1. Dlo, I know what a portfolio is (however you put it more poetically than I would have). My question was is there a way to quantify (for lack of a better word) the levels of perceptive ability each individual has (not that my perception is better or worse than yours, for instance. Just different). Apparently the church’s priest saw her renovation the same way she did, while enough people saw no resemblance to the original and questioned the artistic ability in her version that it made it to the internet. Do we all see things the same way? How do our visions differ? If there is a difference is it genetic, cultural, how is it effected by technology or tradition, etc?

    1. Maybe it does look exactly like the original version, and our perspective is skewed. We might just be ageist and sexist!

      1. See, that’s what I was asking, sort of. You have the before and after images of the fresco. When you look at them do you see any difference at all between them ? You have the original version right in front of you and you ask if OUR perspective is skewed, ageist, and sexist. I don’t want to sound mean, but were you home schooled?

          1.  Yes, to the woman it might look just like the original. That was my question re: how do we individually percieve things we are looking at?  Do we see things exactly the same way? You’ll have to explain how ageism and sexism come into it.

        1. Ooooooohhhhh. I get it. To the woman it might look just like the original, not to us. Whooosh. That just went straight over my head. I feel like a real idiot now.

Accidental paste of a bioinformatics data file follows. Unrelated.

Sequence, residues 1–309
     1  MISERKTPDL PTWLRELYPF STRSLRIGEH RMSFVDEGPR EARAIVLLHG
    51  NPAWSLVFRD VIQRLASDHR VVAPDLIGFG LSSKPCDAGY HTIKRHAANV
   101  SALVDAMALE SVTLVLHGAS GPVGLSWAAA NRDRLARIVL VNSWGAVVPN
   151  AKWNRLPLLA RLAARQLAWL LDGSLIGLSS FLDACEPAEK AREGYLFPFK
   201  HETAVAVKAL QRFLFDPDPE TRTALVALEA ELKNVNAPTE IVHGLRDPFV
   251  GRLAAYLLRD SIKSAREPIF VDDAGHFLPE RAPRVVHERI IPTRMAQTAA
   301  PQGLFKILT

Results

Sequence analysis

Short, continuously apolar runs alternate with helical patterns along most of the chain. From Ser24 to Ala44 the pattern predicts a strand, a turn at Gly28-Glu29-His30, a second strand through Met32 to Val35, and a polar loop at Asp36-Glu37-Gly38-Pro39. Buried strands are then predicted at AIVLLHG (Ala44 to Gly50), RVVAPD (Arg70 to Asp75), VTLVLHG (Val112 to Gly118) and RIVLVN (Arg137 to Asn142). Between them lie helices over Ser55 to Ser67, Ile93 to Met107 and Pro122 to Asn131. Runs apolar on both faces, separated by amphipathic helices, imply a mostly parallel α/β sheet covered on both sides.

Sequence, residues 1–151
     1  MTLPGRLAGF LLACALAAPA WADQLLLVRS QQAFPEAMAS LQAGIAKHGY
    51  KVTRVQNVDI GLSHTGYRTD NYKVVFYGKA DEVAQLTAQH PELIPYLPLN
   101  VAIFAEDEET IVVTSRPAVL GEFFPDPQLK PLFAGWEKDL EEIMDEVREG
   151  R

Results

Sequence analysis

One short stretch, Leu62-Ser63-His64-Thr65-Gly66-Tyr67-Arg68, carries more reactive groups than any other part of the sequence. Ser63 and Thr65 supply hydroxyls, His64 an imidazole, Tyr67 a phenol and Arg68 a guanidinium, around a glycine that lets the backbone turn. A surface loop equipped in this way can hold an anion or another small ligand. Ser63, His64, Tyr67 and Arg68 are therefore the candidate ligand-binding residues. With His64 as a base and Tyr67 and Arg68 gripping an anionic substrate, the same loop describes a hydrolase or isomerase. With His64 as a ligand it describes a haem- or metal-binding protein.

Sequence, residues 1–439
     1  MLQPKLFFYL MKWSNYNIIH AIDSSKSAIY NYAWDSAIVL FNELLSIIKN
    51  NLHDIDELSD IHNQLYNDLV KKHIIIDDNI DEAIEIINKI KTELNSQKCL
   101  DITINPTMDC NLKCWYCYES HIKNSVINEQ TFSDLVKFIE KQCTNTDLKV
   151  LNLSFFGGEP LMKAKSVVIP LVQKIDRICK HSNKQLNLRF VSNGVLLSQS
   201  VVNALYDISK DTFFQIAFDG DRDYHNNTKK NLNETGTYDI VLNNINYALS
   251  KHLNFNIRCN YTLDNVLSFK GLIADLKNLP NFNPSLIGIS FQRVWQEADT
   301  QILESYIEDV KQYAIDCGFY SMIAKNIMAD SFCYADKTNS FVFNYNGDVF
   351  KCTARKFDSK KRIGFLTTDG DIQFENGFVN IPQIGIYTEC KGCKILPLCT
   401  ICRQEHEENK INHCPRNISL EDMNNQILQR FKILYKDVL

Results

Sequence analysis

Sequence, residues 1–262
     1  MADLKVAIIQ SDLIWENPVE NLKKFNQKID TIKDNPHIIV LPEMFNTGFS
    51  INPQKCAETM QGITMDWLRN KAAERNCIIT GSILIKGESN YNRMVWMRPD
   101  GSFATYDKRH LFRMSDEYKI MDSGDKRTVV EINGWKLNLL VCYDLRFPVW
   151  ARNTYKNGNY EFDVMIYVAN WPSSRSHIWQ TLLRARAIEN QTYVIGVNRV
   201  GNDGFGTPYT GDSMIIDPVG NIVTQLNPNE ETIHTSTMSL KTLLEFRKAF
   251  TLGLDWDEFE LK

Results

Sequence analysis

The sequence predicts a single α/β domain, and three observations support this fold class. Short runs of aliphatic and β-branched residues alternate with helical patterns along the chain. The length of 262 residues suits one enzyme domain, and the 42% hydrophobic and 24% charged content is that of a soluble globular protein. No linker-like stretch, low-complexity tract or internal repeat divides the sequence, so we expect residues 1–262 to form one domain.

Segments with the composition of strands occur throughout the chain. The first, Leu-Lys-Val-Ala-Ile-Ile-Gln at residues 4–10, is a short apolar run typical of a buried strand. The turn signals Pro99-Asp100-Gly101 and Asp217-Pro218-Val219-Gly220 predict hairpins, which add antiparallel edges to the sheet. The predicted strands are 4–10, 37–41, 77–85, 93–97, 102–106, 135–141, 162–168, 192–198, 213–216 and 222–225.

Anyway, I hope someone with better comprehension skills is able to give you the answer you seek, and I also hope the full humorectomy works out for you.

          1. Sorry if I didn’t get your sarcasm. But if you ever taught art you might wonder WTF some of your students were looking at. And don’t get me started on  their critiques of their fellow students work.

        2. No worries, it gave me an opportunity to showcase the level of maturity and high mindedness I can bring to a discussion. (c;

  13. The article says the church has a photo of the picture. They should post that on the Internet and let the Photoshoppers at it. I bet they’ll get excellent results for free.

  14. I think that once after an all night acid trip I woke up with this woman next to me in bed. tufts of hair grew out the crack of her @ss. I swore off acid for a week.

  15. I feel a little guilty for laughing at this. I could see this being a feature in the plot of a Pedro Almodovar film.

  16. You snarky people are being way too hard on her.  How is she going to get better unless she practices?